However nerd-like Kim Jong-un is occasionally rumoured to be, there’s something devilishly Elizabethan about North Korea in the 21st century. Consider the wording of the announcement that Jang Song Taek had been executed. Mr Jang, uncle of Kim Jong-un and once thought to have been the second-most powerful man in North Korea, was described as “worse than a dog, a traitor to the nation for all ages”. The Korean Central News Agency, which is the main news agency in those parts, added with ghoulish satisfaction that Mr Jang patronized traitors or “cat’s paws” and his “unpardonable thrice-cursed treason” had the people “hungering for justice”. The man himself, the agency said, was “despicable human scum”.
It is the sort of “flowery Shakespearean insult” that is loved by the North Korean ruling class, Owen Miller of London’s School of Oriental and African Studies tells the BBC. Korea expert James Grayson at the University of Sheffield, says the propensity to strong language is a psychological ploy “because this person was powerful and he has to be made to be the embodiment of all that is evil.”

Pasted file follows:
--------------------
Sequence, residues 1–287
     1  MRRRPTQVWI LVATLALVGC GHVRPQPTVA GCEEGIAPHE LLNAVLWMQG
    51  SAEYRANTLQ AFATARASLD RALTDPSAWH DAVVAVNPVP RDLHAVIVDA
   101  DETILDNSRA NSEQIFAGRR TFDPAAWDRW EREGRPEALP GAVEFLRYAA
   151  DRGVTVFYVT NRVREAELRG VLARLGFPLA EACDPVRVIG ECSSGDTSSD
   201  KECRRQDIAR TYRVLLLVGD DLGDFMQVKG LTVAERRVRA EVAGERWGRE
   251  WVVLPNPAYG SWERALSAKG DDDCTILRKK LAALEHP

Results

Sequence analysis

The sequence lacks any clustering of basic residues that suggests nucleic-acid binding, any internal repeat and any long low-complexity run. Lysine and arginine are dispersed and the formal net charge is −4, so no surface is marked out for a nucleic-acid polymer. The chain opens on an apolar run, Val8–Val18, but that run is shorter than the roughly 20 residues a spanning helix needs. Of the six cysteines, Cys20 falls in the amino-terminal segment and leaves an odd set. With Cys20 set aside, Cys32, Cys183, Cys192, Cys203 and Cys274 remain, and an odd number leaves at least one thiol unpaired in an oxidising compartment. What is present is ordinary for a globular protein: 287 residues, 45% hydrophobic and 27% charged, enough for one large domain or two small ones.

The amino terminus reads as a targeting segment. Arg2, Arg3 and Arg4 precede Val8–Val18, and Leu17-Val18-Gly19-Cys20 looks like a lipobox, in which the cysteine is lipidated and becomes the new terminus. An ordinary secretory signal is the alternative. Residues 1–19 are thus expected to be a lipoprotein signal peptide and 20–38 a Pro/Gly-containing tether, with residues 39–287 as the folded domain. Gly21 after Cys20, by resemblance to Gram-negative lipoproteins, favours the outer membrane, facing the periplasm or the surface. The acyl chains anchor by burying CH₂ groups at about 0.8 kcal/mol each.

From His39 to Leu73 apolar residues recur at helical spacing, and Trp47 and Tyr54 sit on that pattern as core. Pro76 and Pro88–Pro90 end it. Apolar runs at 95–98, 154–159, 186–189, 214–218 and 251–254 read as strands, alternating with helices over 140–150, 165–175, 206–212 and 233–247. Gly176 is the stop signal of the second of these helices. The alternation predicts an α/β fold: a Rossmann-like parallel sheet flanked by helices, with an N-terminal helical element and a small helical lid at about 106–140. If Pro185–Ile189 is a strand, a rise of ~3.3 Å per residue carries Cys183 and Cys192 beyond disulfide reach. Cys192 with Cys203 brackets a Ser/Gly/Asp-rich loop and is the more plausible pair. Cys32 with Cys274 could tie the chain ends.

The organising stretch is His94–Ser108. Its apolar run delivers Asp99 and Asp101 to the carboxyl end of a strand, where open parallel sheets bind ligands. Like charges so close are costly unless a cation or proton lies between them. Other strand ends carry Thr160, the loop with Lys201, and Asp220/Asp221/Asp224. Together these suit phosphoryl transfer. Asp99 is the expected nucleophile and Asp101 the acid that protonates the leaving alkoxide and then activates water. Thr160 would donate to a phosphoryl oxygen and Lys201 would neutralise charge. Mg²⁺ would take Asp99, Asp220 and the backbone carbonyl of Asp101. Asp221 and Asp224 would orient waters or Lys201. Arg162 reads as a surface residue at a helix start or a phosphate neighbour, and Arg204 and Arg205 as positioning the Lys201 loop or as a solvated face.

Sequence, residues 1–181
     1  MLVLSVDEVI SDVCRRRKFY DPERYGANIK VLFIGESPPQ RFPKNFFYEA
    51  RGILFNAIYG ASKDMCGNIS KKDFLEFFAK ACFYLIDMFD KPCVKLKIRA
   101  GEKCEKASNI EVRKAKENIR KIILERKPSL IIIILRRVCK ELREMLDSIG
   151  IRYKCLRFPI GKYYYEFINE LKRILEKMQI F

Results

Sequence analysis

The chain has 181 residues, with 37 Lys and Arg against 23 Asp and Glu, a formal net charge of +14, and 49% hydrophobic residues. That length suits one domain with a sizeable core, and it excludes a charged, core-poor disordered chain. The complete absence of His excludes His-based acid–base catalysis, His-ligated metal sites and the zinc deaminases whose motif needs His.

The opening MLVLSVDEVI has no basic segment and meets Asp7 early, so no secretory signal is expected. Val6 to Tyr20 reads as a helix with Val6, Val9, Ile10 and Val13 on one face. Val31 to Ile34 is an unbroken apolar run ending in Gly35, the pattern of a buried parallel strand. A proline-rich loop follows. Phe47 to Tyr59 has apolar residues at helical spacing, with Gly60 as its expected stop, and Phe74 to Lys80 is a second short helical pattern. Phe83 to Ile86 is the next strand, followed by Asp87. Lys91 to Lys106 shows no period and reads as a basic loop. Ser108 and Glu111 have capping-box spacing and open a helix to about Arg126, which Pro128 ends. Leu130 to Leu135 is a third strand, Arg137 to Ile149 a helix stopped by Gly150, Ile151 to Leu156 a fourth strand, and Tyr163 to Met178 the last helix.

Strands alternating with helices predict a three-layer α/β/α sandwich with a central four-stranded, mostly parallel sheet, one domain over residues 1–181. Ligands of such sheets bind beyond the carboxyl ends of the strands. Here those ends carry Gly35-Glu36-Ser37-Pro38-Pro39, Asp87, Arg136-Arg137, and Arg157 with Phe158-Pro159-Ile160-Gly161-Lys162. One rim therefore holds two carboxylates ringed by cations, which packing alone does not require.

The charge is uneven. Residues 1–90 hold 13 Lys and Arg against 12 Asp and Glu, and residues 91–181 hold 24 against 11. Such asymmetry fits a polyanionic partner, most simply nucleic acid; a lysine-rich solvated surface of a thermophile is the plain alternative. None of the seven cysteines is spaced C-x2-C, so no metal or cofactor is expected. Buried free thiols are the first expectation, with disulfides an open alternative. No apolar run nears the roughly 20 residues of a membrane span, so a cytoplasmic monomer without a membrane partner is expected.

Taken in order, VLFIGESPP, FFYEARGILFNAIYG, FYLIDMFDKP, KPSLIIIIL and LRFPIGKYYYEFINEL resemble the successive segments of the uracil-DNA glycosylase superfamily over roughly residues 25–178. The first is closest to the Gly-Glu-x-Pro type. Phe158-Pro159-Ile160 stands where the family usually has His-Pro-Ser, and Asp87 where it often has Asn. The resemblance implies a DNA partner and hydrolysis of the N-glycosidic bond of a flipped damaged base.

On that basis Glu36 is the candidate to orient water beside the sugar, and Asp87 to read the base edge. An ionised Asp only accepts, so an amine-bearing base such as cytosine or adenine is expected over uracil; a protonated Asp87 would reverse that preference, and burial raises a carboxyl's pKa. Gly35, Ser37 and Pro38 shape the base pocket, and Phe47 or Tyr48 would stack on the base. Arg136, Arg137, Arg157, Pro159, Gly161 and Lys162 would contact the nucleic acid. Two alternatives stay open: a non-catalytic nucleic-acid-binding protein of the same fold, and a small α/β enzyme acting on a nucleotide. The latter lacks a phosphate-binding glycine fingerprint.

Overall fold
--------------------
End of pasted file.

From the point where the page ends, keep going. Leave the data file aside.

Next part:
What’s interesting is the thoroughness and care with which the strongly worded insults and heaping curses have been disseminated – in multiple languages – English, Korean, Spanish, Chinese, and Japanese. Even more interesting, says Isaac Stonefish over at Foreign Policy, is that “the Chinese and Spanish versions both contain additional information.” Spanish readers are told that Mr Jang purloined and blew nearly five million euros at a casino abroad, much of it at a foreign casino.
In other words, as the Bard would have it, he was
- a “clay-brained guts, a knotty-pated fool, an obscene greasy tallow-catch” (Henry IV)
- “like a toad; ugly and venomous” (As You Like It)
- “a most notable coward, an infinite and endless liar, an hourly promise breaker, the owner of no one good quality” (All’s Well That Ends Well)
- “His tongue outvenom (ed) all the worms of Nile” (Cymbeline)
- a “scullion! A rampallian! A fustilarian!”
The North Koreans haven’t quite reached Elizabethan heights.